Farmers Aid in 2019
Farmers are growing increasingly concerned about mounting losses as the current trade wars continue.
Farmers' personal incomes fell the most in three years in the first quarter of 2019, according to a new report, and that's prompting Farmers Unions to call for more farm aid. The U.S. Department of Agriculture approved $12 billion in farm assistance last year, but Secretary Sonny Perdue says more aid isn't yet on the table.
Farmers Union VP Bob Kuylen says the agency's prediction that the market will recover in the next six to eight years could spell doom for some farmers.
"My personal fear is, we're going to lose another generation of young farmers," says Kuylen. "We had a lot of them get in when the prices got better, and it was great to see the young people getting going out there. A lot of their parents helped them. A lot of people tried doing it on their own, but a lot of those are leaving already."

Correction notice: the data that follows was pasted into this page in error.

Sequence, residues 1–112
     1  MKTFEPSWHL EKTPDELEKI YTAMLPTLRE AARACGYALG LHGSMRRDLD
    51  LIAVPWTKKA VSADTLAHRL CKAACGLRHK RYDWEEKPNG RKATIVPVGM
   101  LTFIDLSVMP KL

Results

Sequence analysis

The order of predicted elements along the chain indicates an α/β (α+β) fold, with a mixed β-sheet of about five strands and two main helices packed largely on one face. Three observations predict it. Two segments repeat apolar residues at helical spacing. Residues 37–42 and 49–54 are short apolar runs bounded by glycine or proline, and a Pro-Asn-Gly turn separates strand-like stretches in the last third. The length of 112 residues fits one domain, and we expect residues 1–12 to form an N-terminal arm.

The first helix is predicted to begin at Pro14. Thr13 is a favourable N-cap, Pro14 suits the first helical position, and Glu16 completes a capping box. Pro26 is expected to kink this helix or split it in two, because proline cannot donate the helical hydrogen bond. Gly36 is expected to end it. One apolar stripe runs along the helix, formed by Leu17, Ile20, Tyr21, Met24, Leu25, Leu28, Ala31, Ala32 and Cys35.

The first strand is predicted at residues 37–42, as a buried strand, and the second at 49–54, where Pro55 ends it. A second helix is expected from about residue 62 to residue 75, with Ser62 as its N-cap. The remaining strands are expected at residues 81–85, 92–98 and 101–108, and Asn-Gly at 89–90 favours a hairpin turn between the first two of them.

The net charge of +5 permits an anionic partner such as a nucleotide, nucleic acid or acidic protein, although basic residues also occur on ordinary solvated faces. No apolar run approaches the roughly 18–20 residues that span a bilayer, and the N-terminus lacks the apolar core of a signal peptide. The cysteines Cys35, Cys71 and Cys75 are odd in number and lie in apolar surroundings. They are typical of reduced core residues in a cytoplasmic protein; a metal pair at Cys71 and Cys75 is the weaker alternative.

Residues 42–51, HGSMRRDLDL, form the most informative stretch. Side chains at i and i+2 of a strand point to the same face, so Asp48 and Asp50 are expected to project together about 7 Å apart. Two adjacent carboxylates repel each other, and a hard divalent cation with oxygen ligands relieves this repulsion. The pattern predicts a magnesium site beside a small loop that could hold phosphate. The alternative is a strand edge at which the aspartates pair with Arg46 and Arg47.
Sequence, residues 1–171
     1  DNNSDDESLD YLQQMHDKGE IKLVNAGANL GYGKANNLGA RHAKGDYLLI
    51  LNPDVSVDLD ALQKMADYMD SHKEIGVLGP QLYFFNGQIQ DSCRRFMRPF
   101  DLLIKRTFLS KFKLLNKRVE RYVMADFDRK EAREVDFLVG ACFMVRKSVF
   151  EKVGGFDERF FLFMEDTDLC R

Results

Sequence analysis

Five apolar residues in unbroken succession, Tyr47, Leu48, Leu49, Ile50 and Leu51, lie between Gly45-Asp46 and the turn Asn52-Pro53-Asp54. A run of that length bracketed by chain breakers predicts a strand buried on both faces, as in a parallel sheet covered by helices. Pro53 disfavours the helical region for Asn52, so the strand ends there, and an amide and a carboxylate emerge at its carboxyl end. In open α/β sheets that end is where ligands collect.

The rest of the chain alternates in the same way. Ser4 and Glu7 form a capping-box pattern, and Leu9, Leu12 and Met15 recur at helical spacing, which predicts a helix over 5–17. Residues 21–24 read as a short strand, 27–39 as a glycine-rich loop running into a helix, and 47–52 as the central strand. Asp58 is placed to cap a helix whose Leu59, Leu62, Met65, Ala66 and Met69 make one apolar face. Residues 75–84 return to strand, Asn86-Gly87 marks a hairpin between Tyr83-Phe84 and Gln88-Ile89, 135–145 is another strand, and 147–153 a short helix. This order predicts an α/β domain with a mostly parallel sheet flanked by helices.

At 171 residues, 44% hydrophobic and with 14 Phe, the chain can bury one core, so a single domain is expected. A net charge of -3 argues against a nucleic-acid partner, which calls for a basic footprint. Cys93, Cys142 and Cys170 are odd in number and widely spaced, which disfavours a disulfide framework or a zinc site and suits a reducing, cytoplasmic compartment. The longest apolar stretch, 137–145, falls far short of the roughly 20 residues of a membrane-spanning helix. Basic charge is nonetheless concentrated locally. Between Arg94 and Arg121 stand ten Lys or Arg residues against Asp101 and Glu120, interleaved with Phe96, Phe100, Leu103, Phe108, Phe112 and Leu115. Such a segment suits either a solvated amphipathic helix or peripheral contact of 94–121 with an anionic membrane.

Kuylen says the Farmers Union believes Congress should step in and approve aid to offset the drop in the market from tariffs and trade conflicts.
Kuylen says he advocated for economic disaster assistance, citing growing farm debt and bankruptcies.
"Our sales for the first three months of the year are the lowest we've ever had," says Kuylen. "No one's buying anything; they're just sitting on their grain and waiting, and hoping. And like I told Sonny Perdue, I said, 'You can walk into a bank with a bag of hope and you're not going to get very far.'"
The deadline to apply for the Market Facilitation Program is May 17th.
The agency says nearly 600,000 applicants have received more than $8 billion in aid from the program so far.